Combustible Dust Explosion

Summer is the season for outdoor events where music festivals, fun runs, concerts, and outdoor street festivals are happening almost every day using displays of colorful explosions to excite the crowd. Participants at color festivals, color parties and color running events throw colored powder at one another or watch colorful powders launched into the air filling the sky with clouds of brilliance.

These colored powders usually consist of a plant-based, non-toxic material made from food-grade cornstarch with an approved Federal Food, Drug, and Cosmetic Act (FD&C) dye. Even though these materials are considered safe, when released into the air, they can form a combustible dust cloud that can ignite into a fireball if an ignition source is present.

What is Combustible Dust?

According to the Occupational Safety and Health Administration (OSHA) and National Fire Protection Association (NFPA), combustible dusts are any finely divided solid material that presents an explosion hazard when suspended in air under certain conditions. The types of materials below, when finely ground into very small particles and dispersed into the air, can burn very rapidly or explode in the form of a large fireball. If the particles are the right size, in the right concentration (called the Minimum Explosive Concentration or MEC) and expose to an ignition source, there is a high probability a dust explosion or deflagration could occur.

  • Wood
  • Plastic
  • Metals such as Aluminum
  • Flour
  • Rubber
  • Chemicals dusts such as Sulphur
  • Sugar
  • Coal
 

In 2015, an outdoor festival at the Formosa Water Park in Taiwan proved to be a dangerous exposition when colored combustible dust found its way to an ignition source and thus ignited into a powerful explosion that injured more than 500 people in the crowd. To ensure crowd safety, event promoters need to follow strict guidelines and standards when it comes to these types of displays.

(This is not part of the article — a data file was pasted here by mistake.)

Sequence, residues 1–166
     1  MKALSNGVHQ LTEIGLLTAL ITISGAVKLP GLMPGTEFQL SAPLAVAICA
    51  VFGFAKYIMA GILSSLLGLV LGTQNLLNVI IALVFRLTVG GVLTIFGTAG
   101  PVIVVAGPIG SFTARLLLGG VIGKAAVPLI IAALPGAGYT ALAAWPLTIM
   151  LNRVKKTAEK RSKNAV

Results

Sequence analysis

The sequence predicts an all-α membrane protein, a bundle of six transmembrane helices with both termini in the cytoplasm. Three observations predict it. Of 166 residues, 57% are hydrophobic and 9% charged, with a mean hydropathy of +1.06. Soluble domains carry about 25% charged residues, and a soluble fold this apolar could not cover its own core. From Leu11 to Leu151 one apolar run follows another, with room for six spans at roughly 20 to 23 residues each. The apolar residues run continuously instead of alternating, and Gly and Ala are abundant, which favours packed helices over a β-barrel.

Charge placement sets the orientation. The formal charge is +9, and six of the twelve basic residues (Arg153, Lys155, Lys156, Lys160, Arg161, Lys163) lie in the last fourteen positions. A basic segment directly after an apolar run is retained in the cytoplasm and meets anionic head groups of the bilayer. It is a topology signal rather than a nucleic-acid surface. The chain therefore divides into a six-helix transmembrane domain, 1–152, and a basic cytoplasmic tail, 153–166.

The Dust Explosion Pentagon

When looking at the Dust Explosion Pentagon it takes all five components to come together in order for a dust explosion to be possible. If we remove confinement the possibility of an explosion is removed, however, there is still the possibility of a large rapidly expanding fireball. In order to eliminate the risk posed by a fireball one or more of the remaining four components must be removed as well. Typically, this means removing the dust or removing potential ignition sources. The dust is the easiest to control if it can be eliminated or significantly reduced. Ignition sources can be more challenging to eliminate depending on the environment the dust cloud is dispersed in.

Understanding and Removing Ignition Sources

To ignite a dust cloud, the spark or open flame must have enough energy to initiate the fireball or explosion. This is known as the Minimum Ignition Energy (MIE). Cornstarch powder has a relatively low MIE. Remember rubbing your feet on the carpet and touching someone with your finger? This is enough energy to ignite a cornstarch dust cloud under the right conditions. Potential ignition sources could include the following:

  • Open flame or sparks  
  • Static electricity
  • Lighting
  • Electrical systems
  • Smoking 
  • Sabotage

Safety Precautions for Cornstarch

  • Review the Safety Data sheet to better understand the properties of cornstarch, specific warnings can be found that include:
    • Special firefighting procedures Avoid procedures which could cause dust cloud formations
    • Unusual fire & explosion hazards Product dust may form an explosive mixture with air. Avoid conditions which produce dust clouds
    • Conditions to avoid Practices which produce dust
  • Understand how much cornstarch dust is needed to create the MEC when in the form of a combustible dust cloud 1/84th of an inch of cornstarch dust on the floor of a 100 square foot room would be enough to create a combustible cloud when dispersed within this room. It doesn't take much!
  • Control or eliminate the dust as much as possible
  • Ensure there is no smoking near the area of the dust
  • Ensure that there are no pyrotechnics near the dust
  • Ensure there is no electrical devices that could cause an ignition near the dust
  • If electrical devices are used while a dust cloud is present ensure they are properly rated for use in a known hazardous area
  • Ensure any dust producing machinery are bonded and grounded to minimize static electrical discharge

All live events where crowds of people will congregate should have an emergency action plan. From concerts to community art fairs, it is critical to know what to do when a crisis happens and to have had many “dress rehearsals” to execute when necessary.

HUB Entertainment risk management offers a wide range of specialty services to assist clients in identifying risks, reducing hazard exposures, and addressing claims issues. Our Risk Services professionals will meet with you to discuss goals and objectives, and develop customized programs to address your needs and exceed your expectations.

Download this PDF and contact a HUB Entertainment Risk Advisor today for more information.